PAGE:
5. Celebrate a saint’s feast day
As Catholics, we have so many great saints to imitate and admire. But more importantly, we have friends in heaven who want to help us and pray for us. The liturgical calendar is full of feasts celebrating these great saints, but unless we go to daily Mass, we may never know they exist. This summer, make an effort to celebrate a saint’s feast day with special devotion and festivity. Go to Mass on that day and pray for the saint’s help in your life of discipleship. Do something special to honor them and celebrate that they are part of the church triumphant rejoicing in heaven.
A close friend of mine would do this every year on the feast of St. Lawrence, whose feast day is Aug. 10. St. Lawrence was a deacon and martyr who died by being burned to death on an iron grill. My friend would honor him every year, appropriately, by hosting a barbecue with his friends.
6. Read one of the four Gospels
St. Jerome famously said, “Ignorance of Scripture is ignorance of Christ.” Aside from the Eucharist and our daily life of prayer, there is no more certain way to grow in knowledge and love of Jesus than to read the word of God. Jesus is himself the Word made flesh, so every word of the Bible speaks of him in some way. But the Gospels in a particular way allow us to encounter the person of Christ in an intense and vivid way.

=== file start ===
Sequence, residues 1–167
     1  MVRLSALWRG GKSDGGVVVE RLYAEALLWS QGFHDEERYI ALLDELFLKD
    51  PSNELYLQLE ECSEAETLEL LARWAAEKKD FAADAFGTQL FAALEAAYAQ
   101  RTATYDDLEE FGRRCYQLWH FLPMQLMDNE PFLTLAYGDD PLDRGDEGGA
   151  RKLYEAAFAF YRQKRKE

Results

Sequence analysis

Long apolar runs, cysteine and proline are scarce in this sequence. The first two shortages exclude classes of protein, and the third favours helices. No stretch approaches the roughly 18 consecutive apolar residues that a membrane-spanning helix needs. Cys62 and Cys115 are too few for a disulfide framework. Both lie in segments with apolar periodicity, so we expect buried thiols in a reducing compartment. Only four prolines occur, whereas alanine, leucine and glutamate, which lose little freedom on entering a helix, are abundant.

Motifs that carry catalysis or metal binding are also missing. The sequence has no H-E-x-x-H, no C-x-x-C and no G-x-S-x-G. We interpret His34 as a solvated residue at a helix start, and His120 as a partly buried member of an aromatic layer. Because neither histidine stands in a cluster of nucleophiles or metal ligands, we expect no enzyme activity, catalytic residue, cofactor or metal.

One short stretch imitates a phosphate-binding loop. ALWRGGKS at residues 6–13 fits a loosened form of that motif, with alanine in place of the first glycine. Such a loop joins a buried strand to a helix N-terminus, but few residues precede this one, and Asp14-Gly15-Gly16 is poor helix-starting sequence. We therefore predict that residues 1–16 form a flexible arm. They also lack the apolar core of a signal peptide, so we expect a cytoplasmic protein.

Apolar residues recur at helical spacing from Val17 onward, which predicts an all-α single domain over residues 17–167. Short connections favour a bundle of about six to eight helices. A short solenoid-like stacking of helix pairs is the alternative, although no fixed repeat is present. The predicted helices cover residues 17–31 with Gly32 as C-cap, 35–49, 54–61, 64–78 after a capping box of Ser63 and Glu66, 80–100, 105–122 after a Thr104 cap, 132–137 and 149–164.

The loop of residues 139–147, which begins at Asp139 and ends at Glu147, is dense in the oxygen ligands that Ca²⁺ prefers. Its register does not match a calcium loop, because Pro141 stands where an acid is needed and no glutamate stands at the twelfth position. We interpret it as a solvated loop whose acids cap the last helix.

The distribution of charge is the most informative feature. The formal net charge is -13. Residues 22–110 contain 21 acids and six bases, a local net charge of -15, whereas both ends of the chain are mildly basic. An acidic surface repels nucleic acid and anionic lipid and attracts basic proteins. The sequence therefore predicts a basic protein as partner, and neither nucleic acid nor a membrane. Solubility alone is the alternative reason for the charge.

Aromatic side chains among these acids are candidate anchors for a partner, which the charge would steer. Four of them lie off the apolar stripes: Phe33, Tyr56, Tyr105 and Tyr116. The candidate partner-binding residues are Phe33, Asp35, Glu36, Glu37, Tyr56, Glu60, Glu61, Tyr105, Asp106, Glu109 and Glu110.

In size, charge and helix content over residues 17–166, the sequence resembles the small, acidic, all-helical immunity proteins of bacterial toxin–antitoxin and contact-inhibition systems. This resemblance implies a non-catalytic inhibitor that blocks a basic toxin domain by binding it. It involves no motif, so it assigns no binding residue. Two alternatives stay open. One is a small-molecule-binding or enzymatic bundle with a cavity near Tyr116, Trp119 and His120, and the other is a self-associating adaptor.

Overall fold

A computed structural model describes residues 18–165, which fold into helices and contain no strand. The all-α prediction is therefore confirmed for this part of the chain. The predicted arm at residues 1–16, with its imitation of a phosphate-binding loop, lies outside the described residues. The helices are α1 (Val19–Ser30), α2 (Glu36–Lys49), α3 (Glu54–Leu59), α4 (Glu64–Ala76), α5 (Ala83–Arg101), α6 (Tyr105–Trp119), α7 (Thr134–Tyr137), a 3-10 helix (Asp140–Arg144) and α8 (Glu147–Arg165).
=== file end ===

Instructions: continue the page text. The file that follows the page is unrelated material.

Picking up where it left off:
I remember the first time I read the Gospel of Luke from start to finish when I was in high school. My father and I would read a chapter or two every Sunday together and talk about it. I had heard all of the stories before at Mass, but something about reading the events of Jesus’ life in order, and reading the words of Jesus in the context of his entire life and ministry, allowed the Lord to come alive to me in a new way. Perhaps this summer you can read the Gospel of Matthew, which is the Gospel we will read throughout the rest of this liturgical year. Take your time and read it prayerfully. Even better, read it with a friend and talk about what strikes you, what confuses you, and what calls you to greater love.
7. Read a book with a group of friends
\There is an old adage, “If you want something done, give it to a busy person.” For some reason, when we have less to do, we tend to do less. This is no more evident to me than with reading. Most of us have dozens of books on our reading list, but whenever we have the time to actually sit and read them, what do we do? Often we fritter away the time on mindless entertainment or nonurgent tasks that take less mental energy. Yet when we muster the willpower to actually sit and read a good book, one that really nourishes our mind and our soul, we have no doubt that it was time well spent. So how do we get ourselves to do the more nourishing thing even when it doesn’t seem immediately attractive to us? This is where friends can help each other.